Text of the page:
The pendants decorated on both sides are the oldest in the whole set. They are decorated on obverse and reverse sides with filigree, set with garnets, sapphires and pearls. Semi-lunar laps with engraved decoration and use of enamel were added later on obverse sides. There are pressed laps in the form of stylized palmette surrounded by 3 lions on reverse sides. Large dimension (63x66 mm) and weigh (41-42 g) of the jewels prove their use as pendants for female head dresses (coifs, head - bands etc).

The second pair of pendants (ear-rings?) smaller (60,5x62,5 mm) and decorated only on one side, has the form similar to the one described above. On the obverse side, set with Chech garnets, the filigree in the form of scrolls is less precise that on the bigger pendants.

 This kind of circular pendants were often used on the territory of Bizantium and on the territories under the influence of Bizantium art. Goldsmith's analogies can point the Sicily as the place where the pendants were made, most probably in the 12th century.

The bracelet with nodules almost identical with pendant's ending and with a figure of a bird (eagle, falcon?) on the buckle probably comes from the same atelier. Both items - smaller pendants and bracelet (?) - were probably made in Hungary in the 2. half of the 13th century.

One of the most interesting parts of the treasure is the circular (diameter 129.3 mm) fibula with cameo cut in blue chalcedony, set with garnets, emeralds sapphires and pearls (22 precious stones are missing). Fibulas were used to brace ceremonial court coats or liturgical mantles on breast or arms. They had various forms (but the circular ones were most frequent) and were richly set with precious stones. The fibula of Sroda Slaska is the biggest one among all known fibulas of the hooped kind. It was probably made in Italy, in the goldsmith's circle of Stauf's court, in the 2, half of the 13th centuary. Its central element - cameo with the image of an eagle in aquila vitrix kind - was probably made in Sicilian goldsmith's atelier about 1240.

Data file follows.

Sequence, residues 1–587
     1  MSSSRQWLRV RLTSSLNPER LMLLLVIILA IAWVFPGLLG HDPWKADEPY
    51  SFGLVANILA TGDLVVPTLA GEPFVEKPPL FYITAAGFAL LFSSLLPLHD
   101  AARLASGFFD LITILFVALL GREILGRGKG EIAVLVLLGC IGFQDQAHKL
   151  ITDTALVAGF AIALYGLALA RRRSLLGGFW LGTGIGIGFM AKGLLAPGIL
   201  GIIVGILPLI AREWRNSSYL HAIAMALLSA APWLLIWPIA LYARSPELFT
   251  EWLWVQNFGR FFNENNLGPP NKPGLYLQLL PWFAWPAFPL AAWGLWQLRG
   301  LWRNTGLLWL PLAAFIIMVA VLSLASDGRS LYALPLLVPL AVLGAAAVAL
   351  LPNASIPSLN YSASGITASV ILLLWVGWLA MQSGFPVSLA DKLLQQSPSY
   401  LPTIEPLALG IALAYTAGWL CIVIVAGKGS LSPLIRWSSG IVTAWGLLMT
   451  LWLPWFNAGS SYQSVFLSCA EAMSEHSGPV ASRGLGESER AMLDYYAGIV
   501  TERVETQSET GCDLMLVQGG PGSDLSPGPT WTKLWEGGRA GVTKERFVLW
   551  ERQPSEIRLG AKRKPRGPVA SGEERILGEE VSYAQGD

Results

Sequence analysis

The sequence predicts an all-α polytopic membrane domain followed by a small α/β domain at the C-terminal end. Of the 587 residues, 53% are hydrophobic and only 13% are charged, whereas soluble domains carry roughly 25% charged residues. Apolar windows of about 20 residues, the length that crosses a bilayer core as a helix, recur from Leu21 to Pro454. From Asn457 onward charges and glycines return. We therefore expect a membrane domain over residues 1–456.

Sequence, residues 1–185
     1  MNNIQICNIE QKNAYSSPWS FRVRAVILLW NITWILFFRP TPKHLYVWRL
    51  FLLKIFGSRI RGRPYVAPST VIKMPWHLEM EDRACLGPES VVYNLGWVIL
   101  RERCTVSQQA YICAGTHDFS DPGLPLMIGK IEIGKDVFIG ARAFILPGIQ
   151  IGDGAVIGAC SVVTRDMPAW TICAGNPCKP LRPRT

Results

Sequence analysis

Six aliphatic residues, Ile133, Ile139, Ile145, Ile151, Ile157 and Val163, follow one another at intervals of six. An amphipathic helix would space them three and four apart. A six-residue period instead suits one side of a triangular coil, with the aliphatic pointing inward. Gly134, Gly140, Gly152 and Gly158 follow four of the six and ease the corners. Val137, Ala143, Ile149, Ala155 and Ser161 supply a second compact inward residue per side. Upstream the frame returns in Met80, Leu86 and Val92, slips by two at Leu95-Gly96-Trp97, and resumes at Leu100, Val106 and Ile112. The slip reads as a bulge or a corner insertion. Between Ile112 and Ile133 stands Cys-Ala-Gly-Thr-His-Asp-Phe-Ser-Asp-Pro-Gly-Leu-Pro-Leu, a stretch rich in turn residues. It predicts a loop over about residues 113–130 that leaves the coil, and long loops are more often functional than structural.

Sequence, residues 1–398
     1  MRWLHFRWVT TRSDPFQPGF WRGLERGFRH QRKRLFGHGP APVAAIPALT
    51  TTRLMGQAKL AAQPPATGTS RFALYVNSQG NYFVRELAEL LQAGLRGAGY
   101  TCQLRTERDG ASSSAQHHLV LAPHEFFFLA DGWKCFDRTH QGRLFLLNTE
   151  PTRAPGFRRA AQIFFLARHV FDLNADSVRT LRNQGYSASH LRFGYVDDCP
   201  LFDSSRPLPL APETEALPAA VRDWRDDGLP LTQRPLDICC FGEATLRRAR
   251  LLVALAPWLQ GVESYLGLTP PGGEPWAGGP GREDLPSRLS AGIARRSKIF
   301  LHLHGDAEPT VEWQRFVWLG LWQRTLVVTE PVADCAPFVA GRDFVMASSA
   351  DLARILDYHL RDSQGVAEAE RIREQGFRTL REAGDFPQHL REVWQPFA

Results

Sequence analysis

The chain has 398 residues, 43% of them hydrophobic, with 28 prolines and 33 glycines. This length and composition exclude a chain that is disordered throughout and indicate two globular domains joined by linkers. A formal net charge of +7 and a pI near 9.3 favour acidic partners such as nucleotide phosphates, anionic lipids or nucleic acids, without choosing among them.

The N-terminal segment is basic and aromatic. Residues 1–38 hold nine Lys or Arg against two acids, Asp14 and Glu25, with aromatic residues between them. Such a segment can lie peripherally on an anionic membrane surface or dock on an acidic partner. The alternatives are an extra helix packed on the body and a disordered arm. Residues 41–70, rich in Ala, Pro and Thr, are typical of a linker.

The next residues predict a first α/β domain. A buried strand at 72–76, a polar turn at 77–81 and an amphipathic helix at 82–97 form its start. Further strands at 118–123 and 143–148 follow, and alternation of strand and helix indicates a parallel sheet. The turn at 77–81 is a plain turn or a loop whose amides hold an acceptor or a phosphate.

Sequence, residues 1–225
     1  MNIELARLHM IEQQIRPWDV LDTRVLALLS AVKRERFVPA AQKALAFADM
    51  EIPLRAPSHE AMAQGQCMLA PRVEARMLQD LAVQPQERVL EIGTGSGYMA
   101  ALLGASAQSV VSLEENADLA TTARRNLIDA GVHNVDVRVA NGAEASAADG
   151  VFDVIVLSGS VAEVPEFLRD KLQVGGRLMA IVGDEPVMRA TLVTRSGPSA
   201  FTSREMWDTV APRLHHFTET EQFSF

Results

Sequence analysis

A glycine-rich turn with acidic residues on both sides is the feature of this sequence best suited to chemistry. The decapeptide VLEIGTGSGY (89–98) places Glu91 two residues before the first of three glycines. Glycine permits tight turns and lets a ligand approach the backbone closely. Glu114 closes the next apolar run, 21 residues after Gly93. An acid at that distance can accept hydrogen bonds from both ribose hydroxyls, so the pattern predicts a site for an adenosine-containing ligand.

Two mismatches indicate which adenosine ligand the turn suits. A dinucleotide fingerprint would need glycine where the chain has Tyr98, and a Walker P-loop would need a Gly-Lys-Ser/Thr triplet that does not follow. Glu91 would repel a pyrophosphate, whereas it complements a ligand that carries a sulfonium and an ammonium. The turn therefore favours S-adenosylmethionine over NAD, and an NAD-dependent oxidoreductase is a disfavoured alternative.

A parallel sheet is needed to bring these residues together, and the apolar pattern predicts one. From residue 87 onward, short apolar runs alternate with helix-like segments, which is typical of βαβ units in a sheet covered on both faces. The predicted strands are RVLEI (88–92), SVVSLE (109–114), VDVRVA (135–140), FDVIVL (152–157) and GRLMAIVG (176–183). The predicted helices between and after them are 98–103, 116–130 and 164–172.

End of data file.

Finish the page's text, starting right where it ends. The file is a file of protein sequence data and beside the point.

It is probable that the coins were also hidden with the jewels (the 2. half of the 13th c. and the 1. half of the 14th c.).

Florin from Środa treasure.

One of many mysteries connected with the jewels and coins found in Sroda Slaska is the basic question: who does the treasure belong to? and when was it hidden? Many data proves that the jewels could come from the Chech treasure from the times of Luxembourg dynasty and they constituted the security for money loan raised by Carl IV (1346 - 1378) from Jews of Sroda. The Wroclaw duchy, where Sroda Slaska was situated, was taken over by John of Luxembourg in virtue of a law of succesion in 1335. Sroda, trade centre of big importance, was specially connected with Prague court by person of John from Sroda, secretary, and later chancellor of Carl IV. Royal deposid was probably hidden during persecution of Jews in the period of pest called black death, which came to Silesia in the middle of the 14th century.